The India against Corruption Movement

The India against Corruption Movement

M. V. Rajeev Gowda (Indian Institute of Management Bangalore, India) and Purnima Prakash (Indian Institute of Management Bangalore, India)
Copyright: © 2014 |Pages: 18
DOI: 10.4018/978-1-4666-6066-3.ch015
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Activists demanding the establishment of an anti-corruption watchdog or “Lok Pal,” launched the India Against Corruption (IAC) movement. This chapter documents how IAC's leaders made astute use of mass media and social media to draw India's urban middle classes out onto the streets to protest against corruption in government. IAC succeeded in pressurising the Indian government to involve its activists in an effort to formulate an anti-corruption bill. A section of IAC has since launched the Aam Aadmi (Common Man) party, which has met with initial electoral success.
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The Backdrop: A Cascade Of Corruption Cases

India liberalized its economy in 1991, cutting taxes and reducing restrictions on market forces that had been in place for four decades. While well-intended, the earlier governmental control regime (“license-quota-permit-raj”) had spawned a corrupt nexus between corporate actors and contractors on the one hand and bureaucrats and politicians on the other. Excessive bureaucratic controls also led to a decline in government efficiency and public service delivery. Liberalization was expected to end government corruption and inefficiency. Paradoxically, however the magnitude and extent of corruption seems to have increased after liberalization (Mohanty, 2011).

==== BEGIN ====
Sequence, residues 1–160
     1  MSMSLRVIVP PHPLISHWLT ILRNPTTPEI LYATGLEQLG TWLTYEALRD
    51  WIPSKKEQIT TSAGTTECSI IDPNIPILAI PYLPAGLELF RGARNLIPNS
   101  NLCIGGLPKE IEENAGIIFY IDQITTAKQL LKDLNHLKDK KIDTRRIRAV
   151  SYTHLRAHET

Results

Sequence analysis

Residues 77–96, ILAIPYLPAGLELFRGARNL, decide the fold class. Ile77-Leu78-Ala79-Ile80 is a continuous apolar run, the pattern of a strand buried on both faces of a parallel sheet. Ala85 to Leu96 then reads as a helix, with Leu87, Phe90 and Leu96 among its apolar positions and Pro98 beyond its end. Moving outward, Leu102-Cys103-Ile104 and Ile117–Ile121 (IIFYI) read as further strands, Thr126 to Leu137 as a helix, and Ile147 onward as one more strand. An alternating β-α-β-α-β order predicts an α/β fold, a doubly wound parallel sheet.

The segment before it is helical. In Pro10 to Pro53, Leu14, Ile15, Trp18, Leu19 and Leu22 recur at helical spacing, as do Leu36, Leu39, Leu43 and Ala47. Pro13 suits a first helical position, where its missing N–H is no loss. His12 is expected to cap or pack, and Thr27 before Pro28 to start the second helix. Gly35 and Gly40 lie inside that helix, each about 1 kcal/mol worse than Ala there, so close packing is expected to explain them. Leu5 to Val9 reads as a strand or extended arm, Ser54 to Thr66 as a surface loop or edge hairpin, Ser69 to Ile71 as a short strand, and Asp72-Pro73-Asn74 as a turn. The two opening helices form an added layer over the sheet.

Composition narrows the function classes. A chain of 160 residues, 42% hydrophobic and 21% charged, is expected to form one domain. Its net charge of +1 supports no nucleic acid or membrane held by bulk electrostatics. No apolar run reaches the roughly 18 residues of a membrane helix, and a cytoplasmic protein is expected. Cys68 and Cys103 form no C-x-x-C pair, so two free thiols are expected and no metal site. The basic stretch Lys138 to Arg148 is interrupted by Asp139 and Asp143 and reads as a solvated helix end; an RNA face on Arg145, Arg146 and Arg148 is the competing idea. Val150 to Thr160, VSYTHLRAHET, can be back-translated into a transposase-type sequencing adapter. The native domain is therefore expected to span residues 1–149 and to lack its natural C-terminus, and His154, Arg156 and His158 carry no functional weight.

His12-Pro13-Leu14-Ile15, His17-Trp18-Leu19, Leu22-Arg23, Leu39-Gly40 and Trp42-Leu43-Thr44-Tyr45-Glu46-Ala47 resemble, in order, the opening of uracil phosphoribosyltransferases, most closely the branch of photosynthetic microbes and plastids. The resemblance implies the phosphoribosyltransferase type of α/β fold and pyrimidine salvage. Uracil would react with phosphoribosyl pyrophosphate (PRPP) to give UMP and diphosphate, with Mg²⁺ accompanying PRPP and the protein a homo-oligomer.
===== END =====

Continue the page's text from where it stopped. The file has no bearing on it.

Corruption flourishes because the government still controls key aspects of the economy, e.g., the allocation of natural resources such as mines or electromagnetic spectrum. Preferential allocation of such resources can enable politicians and bureaucrats to generate substantial kickbacks. Political parties use such allocations to raise party and election funds because India’s flawed system for party financing and electoral expenditure makes it difficult to raise and spend resources legally (“Its Anna vs Aruna as rift in civil society shows”, 2011). The ensuing corruption has now become so widespread that the political class has seen a precipitous drop in its moral legitimacy. The year 2011 saw many instances of corruption coming to public notice. They revealed that a range of governmental institutions were compromised, thus creating an appropriate environment for the launch of an anti-corruption agitation.

The diversified portfolio of corruption cases included: (1) The revelation by the Comptroller and Auditor General of India (CAG) that the Minister for Telecommunications had allocated 2G spectrum to companies in a manner that caused the government to forego $5 billion in revenue. The Minister was forced to resign and spent a year in jail while the case went to trial. (2) The resignation of a state high court chief justice accused of corruption to forestall impeachment proceedings in parliament. (3) The Supreme Court’s rejection of the government’s choice of Chief Vigilance Commissioner (the official charged with policing the bureaucracy) as he was facing corruption charges himself. (4) The resignation of the chief minister of Maharashtra state after he was accused of colluding with army and government officials to reallocate prime real estate meant for war widows to his family members and ineligible officials. (5) The arrest of the chief organizer of the Commonwealth Games, a Member of Parliament, on charges of misusing funds meant for the Games.

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